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Kabobs for kids, community
It’s a labour of love that’s cooking up a love for philanthropy.
On Sat., Sept. 22, Farhad Sultanpour and Glenda Lagadi will celebrate the grand opening of their fine dining Persian cuisine restaurant, Kabob Palace, with proceeds going to the Children’s Hospital of Winnipeg.
But the philanthropy won’t end there — the Transcona husband and wife duo aren’t looking to turn a profit for themselves off the eatery, located at 595 Notre Dame Ave.
Instead, all proceeds from the restaurant will be funneled in the couple’s philanthropic efforts in Winnipeg and abroad.
"That’s a promise we make," Sultanpour said prior to the restaurant’s opening.
It’s been a long journey since the two arrived in Canada — Lagadi from the Phillipines in the 1970s, Sultanpour from Iran in 1988.
Sultanpour recalls not being able to afford a drill when he started flipping derelict houses in the city, while Lagadi slowly built up her accounting business, Glenda’s Tax, located next to the restaurant.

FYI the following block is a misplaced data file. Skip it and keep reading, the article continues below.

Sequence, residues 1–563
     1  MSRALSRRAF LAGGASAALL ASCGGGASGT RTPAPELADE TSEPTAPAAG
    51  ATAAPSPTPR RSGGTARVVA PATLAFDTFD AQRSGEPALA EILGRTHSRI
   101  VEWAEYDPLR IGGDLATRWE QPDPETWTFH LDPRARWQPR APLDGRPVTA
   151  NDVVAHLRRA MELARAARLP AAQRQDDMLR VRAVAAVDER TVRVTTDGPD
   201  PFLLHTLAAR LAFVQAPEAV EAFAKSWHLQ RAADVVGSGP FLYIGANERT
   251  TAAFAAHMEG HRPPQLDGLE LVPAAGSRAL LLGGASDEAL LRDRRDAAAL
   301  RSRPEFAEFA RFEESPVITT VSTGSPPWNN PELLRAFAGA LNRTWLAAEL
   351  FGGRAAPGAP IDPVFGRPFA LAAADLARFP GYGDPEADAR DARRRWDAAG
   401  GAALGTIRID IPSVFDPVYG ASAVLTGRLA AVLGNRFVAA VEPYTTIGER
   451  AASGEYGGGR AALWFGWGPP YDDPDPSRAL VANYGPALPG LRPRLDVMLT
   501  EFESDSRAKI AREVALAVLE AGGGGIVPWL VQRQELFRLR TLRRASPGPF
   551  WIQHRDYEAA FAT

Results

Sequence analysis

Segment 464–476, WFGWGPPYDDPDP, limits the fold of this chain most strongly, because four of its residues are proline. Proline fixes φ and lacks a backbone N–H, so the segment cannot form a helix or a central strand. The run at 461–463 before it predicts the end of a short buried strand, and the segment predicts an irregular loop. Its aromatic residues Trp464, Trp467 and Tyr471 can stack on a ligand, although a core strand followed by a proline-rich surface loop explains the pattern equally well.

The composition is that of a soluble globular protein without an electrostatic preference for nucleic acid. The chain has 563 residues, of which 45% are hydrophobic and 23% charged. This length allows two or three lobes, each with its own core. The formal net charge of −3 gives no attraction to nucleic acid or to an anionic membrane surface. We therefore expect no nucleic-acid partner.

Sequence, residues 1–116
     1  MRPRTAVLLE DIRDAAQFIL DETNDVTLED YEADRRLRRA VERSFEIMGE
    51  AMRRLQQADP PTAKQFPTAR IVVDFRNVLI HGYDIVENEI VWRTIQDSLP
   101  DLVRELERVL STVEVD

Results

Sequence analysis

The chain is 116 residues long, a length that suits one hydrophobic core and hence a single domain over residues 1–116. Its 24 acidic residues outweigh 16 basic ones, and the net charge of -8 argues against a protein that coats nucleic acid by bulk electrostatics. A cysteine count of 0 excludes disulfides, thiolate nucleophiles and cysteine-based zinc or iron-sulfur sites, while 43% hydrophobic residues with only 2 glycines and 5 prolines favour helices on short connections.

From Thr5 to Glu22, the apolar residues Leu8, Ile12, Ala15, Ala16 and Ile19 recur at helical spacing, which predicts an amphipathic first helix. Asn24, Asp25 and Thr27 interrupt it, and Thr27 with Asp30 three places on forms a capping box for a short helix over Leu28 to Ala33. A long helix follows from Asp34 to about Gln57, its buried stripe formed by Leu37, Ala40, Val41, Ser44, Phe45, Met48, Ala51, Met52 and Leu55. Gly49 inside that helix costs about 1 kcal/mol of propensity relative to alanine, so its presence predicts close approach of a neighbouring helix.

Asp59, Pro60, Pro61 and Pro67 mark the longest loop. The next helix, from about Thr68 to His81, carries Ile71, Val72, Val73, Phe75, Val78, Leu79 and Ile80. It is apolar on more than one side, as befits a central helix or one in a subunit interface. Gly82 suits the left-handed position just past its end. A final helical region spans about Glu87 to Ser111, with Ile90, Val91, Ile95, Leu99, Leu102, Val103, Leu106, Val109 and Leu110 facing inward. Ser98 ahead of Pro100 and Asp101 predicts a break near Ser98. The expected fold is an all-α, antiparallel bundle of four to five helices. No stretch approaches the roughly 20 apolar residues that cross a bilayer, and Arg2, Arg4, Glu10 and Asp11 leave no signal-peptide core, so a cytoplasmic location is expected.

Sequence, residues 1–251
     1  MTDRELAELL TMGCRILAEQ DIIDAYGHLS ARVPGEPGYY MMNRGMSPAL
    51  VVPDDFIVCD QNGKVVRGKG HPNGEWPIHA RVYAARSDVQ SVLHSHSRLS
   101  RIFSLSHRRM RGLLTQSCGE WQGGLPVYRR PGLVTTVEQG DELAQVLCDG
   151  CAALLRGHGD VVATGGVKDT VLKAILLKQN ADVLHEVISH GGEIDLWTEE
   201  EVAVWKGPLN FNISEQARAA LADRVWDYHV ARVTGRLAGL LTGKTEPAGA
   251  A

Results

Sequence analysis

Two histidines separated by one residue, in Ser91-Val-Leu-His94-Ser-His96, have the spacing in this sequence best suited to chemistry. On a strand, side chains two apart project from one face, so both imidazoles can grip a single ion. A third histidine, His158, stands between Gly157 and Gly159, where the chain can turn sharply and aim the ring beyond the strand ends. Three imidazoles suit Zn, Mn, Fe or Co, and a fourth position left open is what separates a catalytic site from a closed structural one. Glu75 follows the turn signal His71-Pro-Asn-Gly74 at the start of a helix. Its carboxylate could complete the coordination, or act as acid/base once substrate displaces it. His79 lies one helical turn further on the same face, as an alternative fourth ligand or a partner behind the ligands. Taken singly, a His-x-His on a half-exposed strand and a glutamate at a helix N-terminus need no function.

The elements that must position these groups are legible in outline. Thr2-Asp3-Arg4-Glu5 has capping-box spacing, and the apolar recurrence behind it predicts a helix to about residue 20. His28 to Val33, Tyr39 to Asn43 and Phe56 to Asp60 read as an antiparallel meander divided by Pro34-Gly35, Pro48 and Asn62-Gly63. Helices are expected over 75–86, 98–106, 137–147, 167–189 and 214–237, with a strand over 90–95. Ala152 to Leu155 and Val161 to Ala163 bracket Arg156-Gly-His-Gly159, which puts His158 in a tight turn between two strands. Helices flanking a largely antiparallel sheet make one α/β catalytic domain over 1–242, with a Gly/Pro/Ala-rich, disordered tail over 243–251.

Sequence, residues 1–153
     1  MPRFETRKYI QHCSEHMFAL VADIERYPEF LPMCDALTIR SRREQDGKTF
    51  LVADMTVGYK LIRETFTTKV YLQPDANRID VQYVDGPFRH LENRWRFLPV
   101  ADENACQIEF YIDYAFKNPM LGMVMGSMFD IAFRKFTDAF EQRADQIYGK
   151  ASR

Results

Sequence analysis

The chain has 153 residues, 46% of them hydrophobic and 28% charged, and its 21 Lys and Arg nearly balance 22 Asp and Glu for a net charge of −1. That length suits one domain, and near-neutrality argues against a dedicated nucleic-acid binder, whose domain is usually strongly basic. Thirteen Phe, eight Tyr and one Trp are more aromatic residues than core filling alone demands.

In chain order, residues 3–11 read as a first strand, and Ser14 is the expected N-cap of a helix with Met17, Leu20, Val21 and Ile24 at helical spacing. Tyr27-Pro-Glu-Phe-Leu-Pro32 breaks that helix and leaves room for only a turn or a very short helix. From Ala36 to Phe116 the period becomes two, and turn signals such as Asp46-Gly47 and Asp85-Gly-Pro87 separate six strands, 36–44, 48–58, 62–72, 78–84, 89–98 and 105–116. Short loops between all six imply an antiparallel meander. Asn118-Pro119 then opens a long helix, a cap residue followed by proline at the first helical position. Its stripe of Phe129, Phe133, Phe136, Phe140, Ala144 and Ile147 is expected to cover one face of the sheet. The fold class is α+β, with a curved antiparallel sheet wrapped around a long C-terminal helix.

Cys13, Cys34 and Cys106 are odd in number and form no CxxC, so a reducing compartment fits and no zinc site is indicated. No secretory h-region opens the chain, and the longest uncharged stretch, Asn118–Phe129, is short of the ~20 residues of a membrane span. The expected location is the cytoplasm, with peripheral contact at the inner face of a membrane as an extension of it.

After 17 years of marriage, they have worked tirelessly to help build two schools in Iran and Kurdistan, with a third to be built this month, and another one planned for the Phillipines.
The two built a mosque for women in Iran in 1997, and are co-founders of the Winnipeg Central Mosque on Ellice Avenue in the West End.
Along with donating healthy sums to Haitian earthquake and Phillipines flooding relief, they also support 100 adopted families, paying $30 to 50 a month that helps put food on the table and send kids to school.
"We try to give what we can," Sultanpour said.
Sultanpour said he inherited charitable ways from his father, who was tortured and killed because of his Kurdish heritage in Iran. His father’s death prompted him to flee to Canada.
"We’ve seen the poverty, we’ve seen the persecution," Sultanpour said, noting he hopes to build 101 schools.
"We have no kids, so our goal is charity.
"We all learn from each other," he added, acknowledging Canada’s role in helping him build a wealthy, successful life.
"Canada has given us so much, it’s time to give back to the community."
Healthy countries are built with youth in mind — that means good schools and even better healthcare, Lagadi added.
"(Youth) are the very foundation of our economy," she said.
The menu at Kabob Palace promises "affordable fine dining" with schawarmas ($12) and more than 20 different kabobs that use Triple-A beef barbecued "in front of your eyes," Lagadi said.
"We want to be the pride of Winnipeg," she said. "We’re expecting this to be very rewarding."
The two are encouraging other independent restaurateurs to give back by taking time once a month to donate proceeds to charity.
"Everybody’s obligation is to give. With a couple thousand dollars, you can make someone self-sufficient," Sultanpour said.
"We can have an impact. Others can do the same thing."
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